Is this apparently callous and indifferent attitude toward animal life somehow specific to Chinese culture? In considering the controversy surrounding these works, U and I started to think about Southeast Asian contemporary artists and were relatively hard-pressed to find many artists who work with live animals. Those that do seem to create works that are quite different from the ones made by Chinese contemporary artists, exhibiting a concern and respect for the animal much more in line with the attitudes of the West.

Maitree Siriboon, The Kiss, 2015

Thai artist Maitree Siriboon, for example, pays tribute to the humble buffalo, once so ubiquitous in the Thai countryside and on whose back Thailand’s rice-farming industry was built.  In his photographic series Save Thai Buffalo, he paints masterpieces from the Western artistic canon onto an albino buffalo, careful to use natural colours from India that are used to decorate sacred cows.

Edwin Dolly Roseno Kurniawan, Seri Kematian Para Pelantun, 2017

Indonesian artist Edwin Dolly Roseno Kurniawan laments the senseless and unnecessary deaths of the caged singing birds in Yogyakarta’s bird markets, collecting their discarded carcasses, arranging them in tableaux with flowers and perfume, and paying tribute to them in his stunning photographic series, Seri Kematian Para Pelantun, seen at Art Jog 2017.

Araya Rasdjarmrearnsook, still from the video work The Treachery of the Moon, 2012
Araya Rasdjarmrearnsook, An Artist with Six Dead Dogs’ Spirits, 2015. Image credit: Tyler Rollins Fine Art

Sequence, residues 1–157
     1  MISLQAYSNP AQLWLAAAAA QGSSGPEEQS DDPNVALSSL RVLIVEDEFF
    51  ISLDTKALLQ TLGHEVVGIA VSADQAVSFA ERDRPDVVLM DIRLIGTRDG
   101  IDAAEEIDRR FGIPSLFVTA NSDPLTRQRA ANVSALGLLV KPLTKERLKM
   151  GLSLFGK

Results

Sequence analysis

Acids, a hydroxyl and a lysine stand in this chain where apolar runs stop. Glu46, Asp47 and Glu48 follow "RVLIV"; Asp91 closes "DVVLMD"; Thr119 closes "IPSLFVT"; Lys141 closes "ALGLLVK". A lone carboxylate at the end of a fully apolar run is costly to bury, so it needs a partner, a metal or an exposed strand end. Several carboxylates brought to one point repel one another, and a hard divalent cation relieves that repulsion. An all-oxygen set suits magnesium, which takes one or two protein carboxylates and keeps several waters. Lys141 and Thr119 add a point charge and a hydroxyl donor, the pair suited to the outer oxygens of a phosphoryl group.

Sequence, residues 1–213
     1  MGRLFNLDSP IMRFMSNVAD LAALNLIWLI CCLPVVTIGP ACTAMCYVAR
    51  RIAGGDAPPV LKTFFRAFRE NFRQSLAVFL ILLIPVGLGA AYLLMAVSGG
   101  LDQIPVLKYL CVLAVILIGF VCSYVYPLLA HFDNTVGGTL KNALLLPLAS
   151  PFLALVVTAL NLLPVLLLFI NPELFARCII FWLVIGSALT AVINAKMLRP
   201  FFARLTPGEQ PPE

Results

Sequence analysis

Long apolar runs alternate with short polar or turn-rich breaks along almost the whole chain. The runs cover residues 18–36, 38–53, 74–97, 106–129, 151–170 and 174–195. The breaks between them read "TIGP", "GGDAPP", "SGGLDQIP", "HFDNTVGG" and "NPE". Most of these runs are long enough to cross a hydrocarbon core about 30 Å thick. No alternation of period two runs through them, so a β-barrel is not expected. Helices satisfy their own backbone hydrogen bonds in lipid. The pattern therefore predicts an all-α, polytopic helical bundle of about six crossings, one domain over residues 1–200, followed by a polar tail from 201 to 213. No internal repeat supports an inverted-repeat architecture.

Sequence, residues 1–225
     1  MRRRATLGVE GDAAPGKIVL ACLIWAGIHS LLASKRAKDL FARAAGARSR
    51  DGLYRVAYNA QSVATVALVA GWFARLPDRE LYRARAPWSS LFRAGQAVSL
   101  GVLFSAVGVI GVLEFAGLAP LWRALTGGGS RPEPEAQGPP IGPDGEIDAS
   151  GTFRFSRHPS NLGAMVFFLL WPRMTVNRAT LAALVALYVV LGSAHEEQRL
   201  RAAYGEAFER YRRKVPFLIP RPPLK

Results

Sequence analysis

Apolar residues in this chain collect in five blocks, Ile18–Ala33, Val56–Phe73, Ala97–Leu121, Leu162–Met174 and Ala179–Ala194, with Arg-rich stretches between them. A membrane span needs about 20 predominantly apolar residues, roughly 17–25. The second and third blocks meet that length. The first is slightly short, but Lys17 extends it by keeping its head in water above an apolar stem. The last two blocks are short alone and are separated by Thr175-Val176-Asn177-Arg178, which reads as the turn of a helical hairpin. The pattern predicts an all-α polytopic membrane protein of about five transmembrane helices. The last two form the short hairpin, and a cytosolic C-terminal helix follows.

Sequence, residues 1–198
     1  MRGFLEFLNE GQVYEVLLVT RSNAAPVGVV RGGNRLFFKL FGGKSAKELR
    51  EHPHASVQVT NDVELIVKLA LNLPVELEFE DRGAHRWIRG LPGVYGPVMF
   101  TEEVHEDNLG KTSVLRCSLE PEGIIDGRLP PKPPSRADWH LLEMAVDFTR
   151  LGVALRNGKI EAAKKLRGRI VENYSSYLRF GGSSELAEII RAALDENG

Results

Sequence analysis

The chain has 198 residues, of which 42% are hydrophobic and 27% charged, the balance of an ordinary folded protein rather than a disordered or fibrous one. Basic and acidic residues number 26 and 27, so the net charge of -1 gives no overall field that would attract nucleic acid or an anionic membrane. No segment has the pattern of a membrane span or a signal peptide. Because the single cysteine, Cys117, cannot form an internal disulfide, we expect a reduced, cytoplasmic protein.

Dogs feature prominently in many of Thai artist Araya Rasdjarmrearnsook‘s lyrical and meditative video and photography works – most of them live with her, having been rescued by her from the streets of Chiangmai.

Like China, urbanization in Southeast Asia, while rapid and fast-growing, is a relatively recent phenomenon. The rural way of life is still very much a reality in many parts of Southeast Asia. Many countries in the region have also experienced political upheavals, wars, violence and trauma. Why, then, has the attitude of Southeast Asian contemporary artists towards animals been so different?

One possible reason could be the fact that while China has, since the advent of Communism, been largely atheist, the Eastern religions of Hinduism and Buddhism, as well as Islam and Christianity, are widely practised in many parts of Southeast Asia. These religions have a profound impact on the attitudes of humans towards animals. Hindus and Buddhists believe strongly in the concept of non-injury to all living beings and are against the unnecessary destruction of life. While Muslims and Christians believe that God gave man dominion over animals and hence that animals may be killed for food and used for human benefit, the humane treatment of animals is also equated with righteousness and godliness.

A depiction of the Biblical story of Noah, who was commanded by God to build an Ark, so as to save his family and the animals from the Great Flood.

It should, however, be pointed out that there has been, in China, a growing change in attitudes towards animal rights, with an increasing number of Chinese counting themselves part of the animal-rights movement. As the Chinese population becomes more urbanized and affluent, a greater number of households own pets. The context for performance art in general, and Sun Yuan and Peng Yu’s artistic practice specifically, has also shifted and it has been noted that Sun Yuan and Peng Yu have not staged major works featuring live animals in the last decade.

There is no turning back from the incursion of live animals into our galleries and museums. The hope, however, is that contemporary art and artists can find productive and humane ways to work with the animal, so as to create new encounters and opportunities for engagement and reflection that provoke fresh perspectives on the place of the animal in our world.


Support our work on Patreon